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Brentano, Kafka and Hayek

While working on a Barry Smith related project I was reminded of two fascinating papers by this incredibly productive, eclectic and just downright decent and responsive bloke whose work in ontology has had real and positive practical import for medical science. As you might be aware, many philosophers these days are in the business of self-aggrandizement, “activism posing as…

What makes something “Kafkaesque”?

You can always tell employees of the government by the total vacancy which occupies the space where most other people have faces — John Kennedy Toole, A Confederacy of Dunces [t]he bewildering mechanisms of power in stories such as The Trial also “point to something much more sinister”—the idea that arcane bureaucracies become self-perpetuating and…

Neuroscience Is Ruining the Humanities

This in The Chronicle of Higher Education.  Is there a novelist today of whom we can we say, as someone said of Dostoevsky, he “felt thought”? To read Dostoevsky, as Michael Dirda pointed out, is to encounter “souls chafed and lacerated by theories.” Yes, Walker Percy Recent arguments about God or creationism are old hat, despite…

The Autoscopic Author: Kafka and Toole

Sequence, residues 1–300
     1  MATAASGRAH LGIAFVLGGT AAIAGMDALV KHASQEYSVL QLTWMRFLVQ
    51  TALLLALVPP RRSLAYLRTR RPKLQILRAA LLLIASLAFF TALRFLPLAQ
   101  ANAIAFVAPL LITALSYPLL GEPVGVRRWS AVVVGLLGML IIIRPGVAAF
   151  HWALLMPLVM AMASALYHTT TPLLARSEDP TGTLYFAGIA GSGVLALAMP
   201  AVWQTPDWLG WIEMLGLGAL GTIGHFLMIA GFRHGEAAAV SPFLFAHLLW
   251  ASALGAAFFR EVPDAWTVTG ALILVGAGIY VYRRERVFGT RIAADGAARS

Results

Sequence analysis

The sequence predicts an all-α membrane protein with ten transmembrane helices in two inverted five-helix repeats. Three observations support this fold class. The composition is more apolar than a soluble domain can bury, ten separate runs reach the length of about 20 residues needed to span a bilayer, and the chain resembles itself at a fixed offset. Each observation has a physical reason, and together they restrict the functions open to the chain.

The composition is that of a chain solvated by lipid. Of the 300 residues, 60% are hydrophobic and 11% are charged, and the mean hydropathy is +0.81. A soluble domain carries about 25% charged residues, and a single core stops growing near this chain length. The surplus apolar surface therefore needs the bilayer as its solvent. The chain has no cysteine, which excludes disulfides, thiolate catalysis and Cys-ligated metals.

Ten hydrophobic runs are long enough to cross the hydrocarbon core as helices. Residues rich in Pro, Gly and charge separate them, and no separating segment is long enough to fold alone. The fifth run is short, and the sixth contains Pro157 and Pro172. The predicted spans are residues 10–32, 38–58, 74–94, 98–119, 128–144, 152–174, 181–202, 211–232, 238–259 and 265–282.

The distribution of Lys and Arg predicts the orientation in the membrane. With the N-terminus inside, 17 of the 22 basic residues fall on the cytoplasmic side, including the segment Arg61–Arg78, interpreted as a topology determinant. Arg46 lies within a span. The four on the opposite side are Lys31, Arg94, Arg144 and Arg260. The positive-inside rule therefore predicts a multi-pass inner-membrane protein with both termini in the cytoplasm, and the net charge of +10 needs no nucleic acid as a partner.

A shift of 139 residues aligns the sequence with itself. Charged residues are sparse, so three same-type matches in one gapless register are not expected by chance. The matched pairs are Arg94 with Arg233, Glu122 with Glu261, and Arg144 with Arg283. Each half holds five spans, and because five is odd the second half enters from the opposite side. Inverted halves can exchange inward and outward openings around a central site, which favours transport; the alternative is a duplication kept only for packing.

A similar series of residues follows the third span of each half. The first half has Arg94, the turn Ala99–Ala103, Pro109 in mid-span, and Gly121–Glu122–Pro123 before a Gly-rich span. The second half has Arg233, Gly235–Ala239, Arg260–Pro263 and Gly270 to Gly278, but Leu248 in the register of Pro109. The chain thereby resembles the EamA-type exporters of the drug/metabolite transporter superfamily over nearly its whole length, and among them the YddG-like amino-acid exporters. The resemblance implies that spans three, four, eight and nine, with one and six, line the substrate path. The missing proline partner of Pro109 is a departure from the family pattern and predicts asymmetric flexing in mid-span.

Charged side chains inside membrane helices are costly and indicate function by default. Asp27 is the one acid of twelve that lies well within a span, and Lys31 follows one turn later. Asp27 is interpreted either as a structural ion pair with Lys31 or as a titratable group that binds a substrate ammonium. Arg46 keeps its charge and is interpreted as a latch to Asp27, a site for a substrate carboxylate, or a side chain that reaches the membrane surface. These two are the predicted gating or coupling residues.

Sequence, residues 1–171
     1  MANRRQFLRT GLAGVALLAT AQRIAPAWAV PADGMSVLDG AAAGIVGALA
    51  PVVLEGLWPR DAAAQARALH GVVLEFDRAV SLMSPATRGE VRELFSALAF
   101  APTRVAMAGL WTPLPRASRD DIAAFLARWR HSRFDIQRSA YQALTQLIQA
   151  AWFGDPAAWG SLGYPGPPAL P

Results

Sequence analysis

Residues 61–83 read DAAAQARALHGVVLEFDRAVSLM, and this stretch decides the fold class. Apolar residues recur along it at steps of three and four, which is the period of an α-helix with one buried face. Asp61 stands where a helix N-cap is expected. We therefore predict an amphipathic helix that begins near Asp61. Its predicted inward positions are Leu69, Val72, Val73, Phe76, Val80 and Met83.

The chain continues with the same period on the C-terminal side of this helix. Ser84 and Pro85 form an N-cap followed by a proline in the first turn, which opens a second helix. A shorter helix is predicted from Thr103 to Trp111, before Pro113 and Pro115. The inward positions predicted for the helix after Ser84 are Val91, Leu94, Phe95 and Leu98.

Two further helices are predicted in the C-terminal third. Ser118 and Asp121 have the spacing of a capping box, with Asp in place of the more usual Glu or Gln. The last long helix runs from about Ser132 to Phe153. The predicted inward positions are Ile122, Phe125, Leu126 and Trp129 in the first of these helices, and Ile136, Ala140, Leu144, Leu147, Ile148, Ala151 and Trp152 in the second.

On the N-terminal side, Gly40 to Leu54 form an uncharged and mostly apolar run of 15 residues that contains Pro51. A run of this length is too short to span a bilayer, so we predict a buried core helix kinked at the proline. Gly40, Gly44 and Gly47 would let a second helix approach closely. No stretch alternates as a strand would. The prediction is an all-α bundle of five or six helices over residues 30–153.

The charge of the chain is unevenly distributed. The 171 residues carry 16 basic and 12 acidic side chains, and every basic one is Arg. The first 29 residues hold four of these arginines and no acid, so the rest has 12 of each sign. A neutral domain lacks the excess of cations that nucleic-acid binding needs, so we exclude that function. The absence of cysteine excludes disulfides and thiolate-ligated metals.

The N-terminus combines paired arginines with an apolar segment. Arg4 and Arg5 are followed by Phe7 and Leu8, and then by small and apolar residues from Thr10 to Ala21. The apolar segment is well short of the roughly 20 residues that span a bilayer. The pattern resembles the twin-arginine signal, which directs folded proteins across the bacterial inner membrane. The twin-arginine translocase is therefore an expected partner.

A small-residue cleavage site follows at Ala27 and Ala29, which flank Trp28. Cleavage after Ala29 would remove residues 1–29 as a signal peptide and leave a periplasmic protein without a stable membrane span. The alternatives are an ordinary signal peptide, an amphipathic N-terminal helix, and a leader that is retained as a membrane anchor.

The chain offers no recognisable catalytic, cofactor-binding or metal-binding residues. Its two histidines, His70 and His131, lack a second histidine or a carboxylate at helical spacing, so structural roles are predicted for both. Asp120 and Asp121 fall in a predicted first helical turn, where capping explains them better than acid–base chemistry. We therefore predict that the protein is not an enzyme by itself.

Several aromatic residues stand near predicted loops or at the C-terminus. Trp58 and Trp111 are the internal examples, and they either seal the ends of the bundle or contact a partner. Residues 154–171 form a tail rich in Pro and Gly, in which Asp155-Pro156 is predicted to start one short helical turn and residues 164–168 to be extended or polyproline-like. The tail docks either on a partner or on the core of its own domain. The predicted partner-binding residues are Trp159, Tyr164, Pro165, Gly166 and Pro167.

Once again I have Kafka on my mind. I’ve been amending a review of Toole’s biography Butterfly in the Typewriter: The Tragic Life of John Kennedy Toole and the Remarkable Story of A Confederacy of Dunces by the very excellent Cory MacLauchlin to appear in the Journal of Mind and Behavior. Here is a snippet: ~~~~~~~~~~~~~ The…

John Kennedy Toole

Speaking of autoscopic doubles (Toole-Ignatius Reilly) I’m working on a review of Cory MacLauchlin’s Butterfly in the Typewriter: The Tragic Life of John Kennedy Toole and the Remarkable Story of A Confederacy of Dunces. Cory reminds us that today marks the death of Toole. It is often said “how can one assess the greatness of the author on one work?”…

Life as Literature

I’ve been thinking a lot about my instinctive predilection for writers whose life and work bleed into each other, an attraction I felt long before I was fully aware of their biographical details. The first was Kafka; the second Rolfe; the third Musil; the fourth Mishima and the fifth, Toole. I’ve come to the conclusion that these philosophical novelists…

Franz Kafka

Commemorating Kafka’s birthday. If ever there was a mind that captured the modern condition (our current condition) it is Franz Kafka. Not only that, he must rate as the preeminent novelist of ideas without them being the ideas of the learned man trotted out self-consciously by most (academics and literati) who would be flattered by that…